A number of points should be borne in mind before either side of the materiality debate claims Miller 2/Cherry as vindication.
First, the measure of seriousness of the effect in that case was not whether it would have changed the advice of the Prime Minister but the impact that the action would have on fundamental constitutional principles. There is no necessary symmetry between a sufficiently serious effect on a principle and an error that could have led to a different decision.
Secondly, the requirement of materiality to establish jurisdictional error has been justified on the basis that the legislature does not intend for every breach of a requirement to invalidate the consequent decision. There being, of course, no legislative intention to speak of in the construction of the limits of a non-statutory power, any materiality requirement must seek an alternative justification. As I explain in relation to other principles in my forthcoming chapter, this is not to say that materiality can play no role in the ascertainment of limits on a non-statutory power. The question is always one of the proper construction of the power and its limits, derived from common law principles. It is possible that a threshold of materiality (whether reflective of seriousness of effect, a denied opportunity for a successful outcome or another test) is implicit in an applicable common law principle. An example may be the need for ‘practical injustice’ before a denial of procedural fairness may constitute a jurisdictional error: Lam at - (Gleeson CJ). By assessing the lawfulness of prorogation by reference to the seriousness of the effect of the prorogation on the ability of the legislature to perform its constitutional function and the justification offered for that effect, the UKSC seems to have embedded a threshold of materiality within the common law principles from which the limit is derived. If that it so, is accords more with the view on materiality currently prevailing in the High Court than with the dissenters.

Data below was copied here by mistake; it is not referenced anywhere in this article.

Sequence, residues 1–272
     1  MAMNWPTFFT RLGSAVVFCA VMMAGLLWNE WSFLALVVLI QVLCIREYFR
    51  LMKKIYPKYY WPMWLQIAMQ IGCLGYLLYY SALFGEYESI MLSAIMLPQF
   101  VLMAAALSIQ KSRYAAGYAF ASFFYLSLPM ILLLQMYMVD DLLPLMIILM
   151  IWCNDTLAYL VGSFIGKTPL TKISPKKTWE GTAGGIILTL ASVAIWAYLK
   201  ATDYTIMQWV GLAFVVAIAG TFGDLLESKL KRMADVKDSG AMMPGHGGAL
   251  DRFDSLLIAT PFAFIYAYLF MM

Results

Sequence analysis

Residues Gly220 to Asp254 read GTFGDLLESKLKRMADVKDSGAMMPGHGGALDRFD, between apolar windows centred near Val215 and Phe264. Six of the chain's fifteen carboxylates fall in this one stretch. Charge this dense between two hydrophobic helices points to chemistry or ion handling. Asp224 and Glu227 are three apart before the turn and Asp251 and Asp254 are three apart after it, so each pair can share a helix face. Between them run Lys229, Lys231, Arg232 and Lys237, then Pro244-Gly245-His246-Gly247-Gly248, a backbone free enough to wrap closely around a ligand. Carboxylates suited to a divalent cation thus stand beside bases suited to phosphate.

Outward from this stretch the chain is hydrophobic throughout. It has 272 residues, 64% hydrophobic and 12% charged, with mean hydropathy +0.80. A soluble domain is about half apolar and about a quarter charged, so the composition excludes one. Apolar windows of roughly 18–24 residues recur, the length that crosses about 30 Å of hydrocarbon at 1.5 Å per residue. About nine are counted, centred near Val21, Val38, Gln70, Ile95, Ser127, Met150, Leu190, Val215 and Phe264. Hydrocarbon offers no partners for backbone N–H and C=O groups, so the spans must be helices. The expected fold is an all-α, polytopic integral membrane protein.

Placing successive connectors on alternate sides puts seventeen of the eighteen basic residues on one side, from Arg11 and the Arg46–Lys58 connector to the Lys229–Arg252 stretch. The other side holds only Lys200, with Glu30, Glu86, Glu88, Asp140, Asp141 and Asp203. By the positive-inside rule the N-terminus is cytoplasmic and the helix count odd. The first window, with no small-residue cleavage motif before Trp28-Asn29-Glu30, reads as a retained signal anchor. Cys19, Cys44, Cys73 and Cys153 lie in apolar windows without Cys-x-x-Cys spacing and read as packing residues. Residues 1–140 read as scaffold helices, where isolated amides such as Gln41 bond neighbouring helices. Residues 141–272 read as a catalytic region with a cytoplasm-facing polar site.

No doubt the great Australian materiality debate was the furthest thing from the minds of the members of the Supreme Court when they penned this unanimous, clear and eminently readable judgment in 4 days (including a weekend). It is therefore doubtful that anything written there is going to clinch the debate in favour of one view rather than another. But there is much in the reasoning deployed in the judgment that is familiar to its Australian readers. So much so that one might be tempted to chalk this up as a victory in the never-ending competition between Australia and England. First the Ashes, now judicial review principles. I’m sure it will make the headlines any day now.
Amanda Sapienza is a Senior Solicitor in the Crown Solicitor’s Office (NSW). She has recently completed her doctoral thesis on judicial review of non-statutory executive action in Australia. This piece was written in a personal capacity and does not necessarily reflect the views of the Crown Solicitor or the NSW government.